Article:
Uber is a Slow-Motion Tragedy
Why is there even an Uber?
We know the app-based cabs like Uber and Lyft make cities worse. Even the companies admit they have increased traffic by 13 percent in San Francisco and 8 percent in D.C.
We know they’re undermining transit. Uber was open about its status as a competitor to public transit in its disastrous IPO. And one study estimates that Uber and Lyft alone have caused a 13-percent reduction in transit ridership in San Francisco over the last decade. Transit ridership is cratering in other cities, too.
Uber and Lyft’s business model is predicated on massive labor exploitation. Their millions of drivers enjoy next to zero rights or protections because they are classified as “independent contractors,” a galling misrepresentation that could reverberate with future generations of workers for decades.
To top it all off, Uber can’t even make money — and loses shareholders’ money obscenely. The company lost $5.2 billion last quarter alone. In all, Uber has lost about $16.86 billion, Aaron Gordon at Jalponik reports. And Lyft has lost plenty too — and still expects to lose another billion next year (though less than in previous years).
That’s a lot of money that customers are pumping into app-based cabs. It’s not completely apples to apples, but imagine if all that money had instead been spent on transit — those tens of billions could fund about a half-dozen transformative rail transit projects across the country, such as L.A.’s Purple Line Extension, Minneapolis’s Green Line Extension, Seattle’s Link Rail Extension, D.C.’s Purple Line and others.
Instead, we have worse traffic, worse transit, more pollution. To top it off, a bunch of retirees invested in mutual funds are now losing their hard-earned money to make it all happen.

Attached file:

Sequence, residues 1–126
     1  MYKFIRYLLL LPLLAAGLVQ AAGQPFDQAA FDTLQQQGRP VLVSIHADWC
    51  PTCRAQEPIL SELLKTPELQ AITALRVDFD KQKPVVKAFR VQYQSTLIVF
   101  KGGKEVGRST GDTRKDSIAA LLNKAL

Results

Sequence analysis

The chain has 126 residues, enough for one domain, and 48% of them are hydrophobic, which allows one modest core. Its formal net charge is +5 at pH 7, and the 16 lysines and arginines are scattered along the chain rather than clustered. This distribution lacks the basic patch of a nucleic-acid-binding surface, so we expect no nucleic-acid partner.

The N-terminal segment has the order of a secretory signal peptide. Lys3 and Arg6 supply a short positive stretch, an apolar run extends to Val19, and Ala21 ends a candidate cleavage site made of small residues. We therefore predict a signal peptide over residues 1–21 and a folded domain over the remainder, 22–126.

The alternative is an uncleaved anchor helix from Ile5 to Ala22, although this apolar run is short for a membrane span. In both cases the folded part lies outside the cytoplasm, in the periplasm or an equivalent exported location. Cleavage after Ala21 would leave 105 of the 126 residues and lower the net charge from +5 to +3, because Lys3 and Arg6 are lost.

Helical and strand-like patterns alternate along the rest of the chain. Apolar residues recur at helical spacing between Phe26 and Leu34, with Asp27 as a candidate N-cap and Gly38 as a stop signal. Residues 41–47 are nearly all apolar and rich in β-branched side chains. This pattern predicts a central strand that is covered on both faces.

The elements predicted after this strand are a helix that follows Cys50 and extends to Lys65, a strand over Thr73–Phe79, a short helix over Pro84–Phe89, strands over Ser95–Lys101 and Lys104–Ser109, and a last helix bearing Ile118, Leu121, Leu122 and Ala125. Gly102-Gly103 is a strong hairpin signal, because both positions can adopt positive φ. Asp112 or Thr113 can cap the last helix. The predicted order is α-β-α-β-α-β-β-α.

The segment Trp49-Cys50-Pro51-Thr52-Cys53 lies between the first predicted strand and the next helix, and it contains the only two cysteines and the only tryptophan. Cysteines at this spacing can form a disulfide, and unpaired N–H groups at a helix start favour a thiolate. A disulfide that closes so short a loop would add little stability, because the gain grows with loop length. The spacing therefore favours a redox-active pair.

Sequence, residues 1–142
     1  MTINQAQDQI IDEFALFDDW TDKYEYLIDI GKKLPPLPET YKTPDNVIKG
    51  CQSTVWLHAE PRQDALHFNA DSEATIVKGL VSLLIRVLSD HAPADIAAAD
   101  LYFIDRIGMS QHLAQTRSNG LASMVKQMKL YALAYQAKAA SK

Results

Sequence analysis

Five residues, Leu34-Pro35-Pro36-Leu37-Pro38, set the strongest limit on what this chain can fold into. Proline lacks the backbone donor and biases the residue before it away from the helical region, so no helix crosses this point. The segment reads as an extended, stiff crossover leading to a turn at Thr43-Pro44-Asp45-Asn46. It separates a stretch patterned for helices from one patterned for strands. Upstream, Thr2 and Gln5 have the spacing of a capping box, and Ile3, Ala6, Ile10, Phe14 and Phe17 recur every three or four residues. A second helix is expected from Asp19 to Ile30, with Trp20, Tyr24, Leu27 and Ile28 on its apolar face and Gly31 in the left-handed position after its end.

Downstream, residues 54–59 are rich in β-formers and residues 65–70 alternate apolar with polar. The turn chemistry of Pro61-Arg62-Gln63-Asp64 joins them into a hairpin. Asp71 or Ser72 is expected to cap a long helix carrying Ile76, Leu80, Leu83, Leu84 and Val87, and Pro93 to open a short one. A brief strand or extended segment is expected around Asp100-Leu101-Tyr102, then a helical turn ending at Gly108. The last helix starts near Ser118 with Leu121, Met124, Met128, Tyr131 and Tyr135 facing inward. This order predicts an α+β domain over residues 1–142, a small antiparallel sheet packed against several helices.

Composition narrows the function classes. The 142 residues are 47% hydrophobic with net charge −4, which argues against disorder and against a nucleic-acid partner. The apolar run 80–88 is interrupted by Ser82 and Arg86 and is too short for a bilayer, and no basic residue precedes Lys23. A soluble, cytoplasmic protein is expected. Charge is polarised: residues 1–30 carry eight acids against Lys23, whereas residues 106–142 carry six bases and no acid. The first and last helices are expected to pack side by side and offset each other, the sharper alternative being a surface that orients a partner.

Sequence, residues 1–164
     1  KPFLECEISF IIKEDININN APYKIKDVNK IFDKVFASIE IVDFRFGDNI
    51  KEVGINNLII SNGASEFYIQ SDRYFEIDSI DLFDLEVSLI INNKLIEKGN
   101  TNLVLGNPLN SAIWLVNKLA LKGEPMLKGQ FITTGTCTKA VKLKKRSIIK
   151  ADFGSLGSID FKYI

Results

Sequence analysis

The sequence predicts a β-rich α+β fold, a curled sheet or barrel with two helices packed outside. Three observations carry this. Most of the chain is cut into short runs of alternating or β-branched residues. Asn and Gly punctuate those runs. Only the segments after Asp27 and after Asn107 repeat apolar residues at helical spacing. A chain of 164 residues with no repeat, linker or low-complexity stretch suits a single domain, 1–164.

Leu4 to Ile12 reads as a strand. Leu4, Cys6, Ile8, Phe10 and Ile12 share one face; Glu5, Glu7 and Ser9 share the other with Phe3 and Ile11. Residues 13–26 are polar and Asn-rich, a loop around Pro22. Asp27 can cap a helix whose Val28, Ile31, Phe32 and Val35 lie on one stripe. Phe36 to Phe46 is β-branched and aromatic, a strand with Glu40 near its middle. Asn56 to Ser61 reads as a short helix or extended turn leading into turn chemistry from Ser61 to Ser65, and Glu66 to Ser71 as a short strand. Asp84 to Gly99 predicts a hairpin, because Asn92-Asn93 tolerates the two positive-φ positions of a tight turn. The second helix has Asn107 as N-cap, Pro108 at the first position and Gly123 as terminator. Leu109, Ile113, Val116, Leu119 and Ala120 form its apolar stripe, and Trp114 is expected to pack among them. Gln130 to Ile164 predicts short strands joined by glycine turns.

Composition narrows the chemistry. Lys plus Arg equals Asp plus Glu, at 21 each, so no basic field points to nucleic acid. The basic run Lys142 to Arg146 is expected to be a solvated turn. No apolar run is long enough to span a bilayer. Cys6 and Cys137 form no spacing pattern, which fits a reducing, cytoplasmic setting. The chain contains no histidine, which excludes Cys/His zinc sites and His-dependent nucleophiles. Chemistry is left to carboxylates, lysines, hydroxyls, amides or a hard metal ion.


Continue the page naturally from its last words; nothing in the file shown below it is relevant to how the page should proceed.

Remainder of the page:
Of course, there’s a chicken-and-egg problem here: Uber and Lyft’s urban customers are taking literally millions of rides in the companies’ cars — an option that simply did not exist a decade ago. They’re choosing Uber and Lyft over public transit and biking (and, to a lesser degree, their own cars) for a reason — it’s faster and more convenient than public transit, and is an affordable luxury for many.
It’s not up to Uber and Lyft to fix that problem — it’s up to our leaders to give their constituents more options for cheap, safe commuting. Unlike Uber and Lyft, mass transit does not need to make a profit, so mayors and governors should invest public money on the greatest public good: public transit.
Until then, we’re stuck with Uber and Lyft filling a gap that never should have existed. Analyst Bruce Schaller estimates, 60 percent of all trips in Uber and Lyft would have been made by walking, transit or avoided — had the service not existed. Only 17 percent of trips would have been made in a private car. And for every mile it replaces in driving, it adds 2.6 miles of driving, since Uber and Lyft business model relies on having drivers cruise without passengers.
Cities are starting to figure this out. New York just capped the number of Uber and Lyft drivers and is now requiring the app-based cab companies to reduce cruising by 10 percent. Boston is considering fees on every ride to reduce congestion and raise money for local governments. And Vancouver doesn’t allow the app-based ride share companies at all.
It’s a start.